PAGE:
Ron Wyden, Chairman of the Senate Finance Committee, revealed on Wednesday a proposal to tax the unrealized gains from U.S. billionaires’ assets to raise funds for President Joe Biden’s social and climate-change initiatives. Republicans and tax policy experts are already voicing their concerns.
U.S. Billionaires Tax
As informed by Reuters, the so-called billionaires tax announced by Ron Wyden, is one half of a two-part legislative plan that includes a proposed 15% corporate minimum tax on the most profitable U.S. companies.
According to Wyden and Democratic Senator Elizabeth Warren, the move is intended to tackle tax avoidance by the biggest firms in the country and could result in hundreds of billions of dollars to support Biden's $2 trillion “Build Back Better” legislation.
“The White House backs the corporate minimum tax, which would dovetail with a global corporate minimum tax recently agreed by 136 countries and aimed at corporations that pay little or no tax by gaming the international tax system,” Reuters reports.
However, the billionaires' tax is up against some fierce opposition from Democrats in the House of Representatives, who believe that hiking tax rates upfront is a better way to fund the Biden agenda.
A statement asserts that around 700 taxpayers whose assets are worth over $1 billion or whose annual income surpasses $100 million for three years in a row, would be covered by the proposal –which would go into effect for the 2022 tax year.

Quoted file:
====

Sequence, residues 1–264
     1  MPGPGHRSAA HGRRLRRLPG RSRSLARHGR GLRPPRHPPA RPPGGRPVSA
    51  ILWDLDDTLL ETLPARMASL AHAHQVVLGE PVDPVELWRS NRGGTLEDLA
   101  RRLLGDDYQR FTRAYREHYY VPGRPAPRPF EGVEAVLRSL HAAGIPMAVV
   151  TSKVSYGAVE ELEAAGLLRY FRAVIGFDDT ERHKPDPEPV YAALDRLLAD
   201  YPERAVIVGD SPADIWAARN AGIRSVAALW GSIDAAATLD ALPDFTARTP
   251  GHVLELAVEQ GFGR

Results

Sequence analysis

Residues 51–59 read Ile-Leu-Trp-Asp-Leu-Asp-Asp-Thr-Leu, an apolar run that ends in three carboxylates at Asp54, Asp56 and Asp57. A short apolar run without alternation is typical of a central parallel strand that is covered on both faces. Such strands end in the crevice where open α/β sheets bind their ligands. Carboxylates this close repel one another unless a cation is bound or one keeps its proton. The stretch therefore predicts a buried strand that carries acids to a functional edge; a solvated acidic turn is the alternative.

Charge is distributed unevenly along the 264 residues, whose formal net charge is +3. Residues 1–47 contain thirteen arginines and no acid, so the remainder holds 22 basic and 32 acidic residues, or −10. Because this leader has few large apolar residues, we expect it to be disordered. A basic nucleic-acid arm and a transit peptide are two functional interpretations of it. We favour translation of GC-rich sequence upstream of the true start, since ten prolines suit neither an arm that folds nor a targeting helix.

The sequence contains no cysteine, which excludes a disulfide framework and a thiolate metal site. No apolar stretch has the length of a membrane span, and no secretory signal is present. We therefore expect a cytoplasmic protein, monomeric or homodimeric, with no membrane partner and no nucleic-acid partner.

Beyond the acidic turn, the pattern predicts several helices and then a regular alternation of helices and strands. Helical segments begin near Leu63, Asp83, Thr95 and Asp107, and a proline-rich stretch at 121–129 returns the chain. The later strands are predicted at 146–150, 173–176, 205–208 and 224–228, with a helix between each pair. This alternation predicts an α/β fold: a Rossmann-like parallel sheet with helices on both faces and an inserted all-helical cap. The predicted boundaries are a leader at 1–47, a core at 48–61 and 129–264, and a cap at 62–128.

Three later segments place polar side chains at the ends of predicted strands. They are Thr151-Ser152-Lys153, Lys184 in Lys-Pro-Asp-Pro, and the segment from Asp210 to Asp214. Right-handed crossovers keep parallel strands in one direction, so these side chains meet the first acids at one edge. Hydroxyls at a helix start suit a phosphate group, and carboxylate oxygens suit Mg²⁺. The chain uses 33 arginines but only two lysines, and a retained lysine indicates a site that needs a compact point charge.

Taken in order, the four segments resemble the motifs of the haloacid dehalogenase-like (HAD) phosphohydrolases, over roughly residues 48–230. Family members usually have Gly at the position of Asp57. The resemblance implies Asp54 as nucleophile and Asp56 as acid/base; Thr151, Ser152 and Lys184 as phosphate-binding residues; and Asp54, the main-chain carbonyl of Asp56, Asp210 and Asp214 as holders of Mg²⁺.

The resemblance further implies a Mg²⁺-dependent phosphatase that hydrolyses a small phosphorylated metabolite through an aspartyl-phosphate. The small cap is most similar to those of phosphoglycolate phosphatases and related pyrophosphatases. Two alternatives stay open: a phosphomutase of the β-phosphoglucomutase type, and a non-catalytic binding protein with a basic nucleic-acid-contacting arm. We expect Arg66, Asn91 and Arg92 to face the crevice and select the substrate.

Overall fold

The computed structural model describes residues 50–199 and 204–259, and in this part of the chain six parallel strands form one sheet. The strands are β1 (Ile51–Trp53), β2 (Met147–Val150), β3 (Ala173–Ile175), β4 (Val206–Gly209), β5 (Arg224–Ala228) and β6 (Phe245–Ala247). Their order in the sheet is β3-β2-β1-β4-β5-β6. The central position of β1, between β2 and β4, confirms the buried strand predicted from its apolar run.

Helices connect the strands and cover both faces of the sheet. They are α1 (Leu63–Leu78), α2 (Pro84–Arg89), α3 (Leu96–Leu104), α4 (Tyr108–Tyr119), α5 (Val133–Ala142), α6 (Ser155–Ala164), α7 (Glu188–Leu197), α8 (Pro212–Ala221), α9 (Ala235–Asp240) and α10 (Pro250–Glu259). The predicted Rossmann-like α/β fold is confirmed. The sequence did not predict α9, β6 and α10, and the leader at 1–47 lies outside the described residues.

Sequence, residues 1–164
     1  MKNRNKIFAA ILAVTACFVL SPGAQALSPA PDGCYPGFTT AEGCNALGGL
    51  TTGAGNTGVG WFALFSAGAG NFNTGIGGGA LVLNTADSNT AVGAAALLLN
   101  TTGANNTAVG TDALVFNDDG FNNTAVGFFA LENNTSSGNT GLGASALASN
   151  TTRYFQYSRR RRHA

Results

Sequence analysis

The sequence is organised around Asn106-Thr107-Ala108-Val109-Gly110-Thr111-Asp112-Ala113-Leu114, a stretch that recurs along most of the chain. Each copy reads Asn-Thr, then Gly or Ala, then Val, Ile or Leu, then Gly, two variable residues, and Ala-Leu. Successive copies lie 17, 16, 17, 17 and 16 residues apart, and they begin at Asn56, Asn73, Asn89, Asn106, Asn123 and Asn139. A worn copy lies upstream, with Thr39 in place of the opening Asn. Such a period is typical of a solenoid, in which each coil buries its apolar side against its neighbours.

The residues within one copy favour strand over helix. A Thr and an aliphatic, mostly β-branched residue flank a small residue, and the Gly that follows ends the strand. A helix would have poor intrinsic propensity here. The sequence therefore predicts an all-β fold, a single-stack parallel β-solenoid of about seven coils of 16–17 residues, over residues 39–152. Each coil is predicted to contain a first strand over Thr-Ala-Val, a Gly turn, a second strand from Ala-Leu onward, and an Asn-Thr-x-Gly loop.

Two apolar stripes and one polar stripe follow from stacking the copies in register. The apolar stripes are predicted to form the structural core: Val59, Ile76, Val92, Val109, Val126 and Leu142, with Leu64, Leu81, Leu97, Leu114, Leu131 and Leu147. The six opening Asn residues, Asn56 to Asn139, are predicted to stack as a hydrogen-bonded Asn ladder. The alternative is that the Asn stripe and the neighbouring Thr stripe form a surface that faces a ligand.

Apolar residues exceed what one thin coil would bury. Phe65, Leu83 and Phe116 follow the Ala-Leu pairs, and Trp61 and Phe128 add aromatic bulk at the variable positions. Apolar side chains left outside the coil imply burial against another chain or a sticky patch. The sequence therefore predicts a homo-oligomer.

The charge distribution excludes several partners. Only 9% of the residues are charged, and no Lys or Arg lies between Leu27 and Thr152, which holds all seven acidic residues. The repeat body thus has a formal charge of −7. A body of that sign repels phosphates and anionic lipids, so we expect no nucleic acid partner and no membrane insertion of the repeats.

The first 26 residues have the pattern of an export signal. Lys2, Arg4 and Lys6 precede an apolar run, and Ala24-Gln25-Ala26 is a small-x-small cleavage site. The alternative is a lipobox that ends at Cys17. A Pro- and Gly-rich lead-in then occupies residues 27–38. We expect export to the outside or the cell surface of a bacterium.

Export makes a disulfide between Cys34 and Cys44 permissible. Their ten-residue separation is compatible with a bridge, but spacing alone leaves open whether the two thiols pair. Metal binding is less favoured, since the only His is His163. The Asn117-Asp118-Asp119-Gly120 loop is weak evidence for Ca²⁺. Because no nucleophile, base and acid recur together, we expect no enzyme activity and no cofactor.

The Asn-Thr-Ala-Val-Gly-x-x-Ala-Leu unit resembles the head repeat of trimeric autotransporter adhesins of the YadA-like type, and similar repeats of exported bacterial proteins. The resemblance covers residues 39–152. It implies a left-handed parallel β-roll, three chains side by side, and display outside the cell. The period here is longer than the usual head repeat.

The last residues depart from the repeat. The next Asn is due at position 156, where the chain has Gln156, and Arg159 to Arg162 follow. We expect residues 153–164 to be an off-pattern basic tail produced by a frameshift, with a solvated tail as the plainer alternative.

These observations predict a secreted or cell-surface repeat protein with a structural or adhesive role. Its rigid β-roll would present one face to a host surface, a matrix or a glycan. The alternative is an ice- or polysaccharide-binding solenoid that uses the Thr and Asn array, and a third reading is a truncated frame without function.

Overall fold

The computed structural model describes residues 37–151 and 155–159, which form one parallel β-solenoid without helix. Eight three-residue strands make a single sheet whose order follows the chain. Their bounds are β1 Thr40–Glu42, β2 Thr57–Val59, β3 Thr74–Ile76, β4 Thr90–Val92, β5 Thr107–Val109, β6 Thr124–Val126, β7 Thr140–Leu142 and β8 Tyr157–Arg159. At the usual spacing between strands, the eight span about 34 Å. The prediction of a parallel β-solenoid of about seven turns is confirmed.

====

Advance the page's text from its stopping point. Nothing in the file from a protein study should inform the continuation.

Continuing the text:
Ron Wyden was quoted as saying on CBS News: “This is a billionaires income tax, it's not a wealth tax. It's a billionaires income tax.”
“And we expect that these billionaires and there's something like less than 800, who made close to $2 trillion during the pandemic, would pay a tax, their fair share, every year just like nurses and firefighters.”
According to the plan, “stocks and bonds would be marked-to-market yearly and taxed on what are called ‘unrealized’ gains,” which are the increase in value of a stock every year even in investor’s possession.
Real estate is also part of the U.S. billionaires' tax plan, which would involve an additional interest charge –deferral recapture amount– when they sell a property, on top of the regular capital gains tax.
"I've always felt that success was giving everybody in America the chance to get ahead and what we're dealing with is flagrant loopholes in the tax code," Wyden said.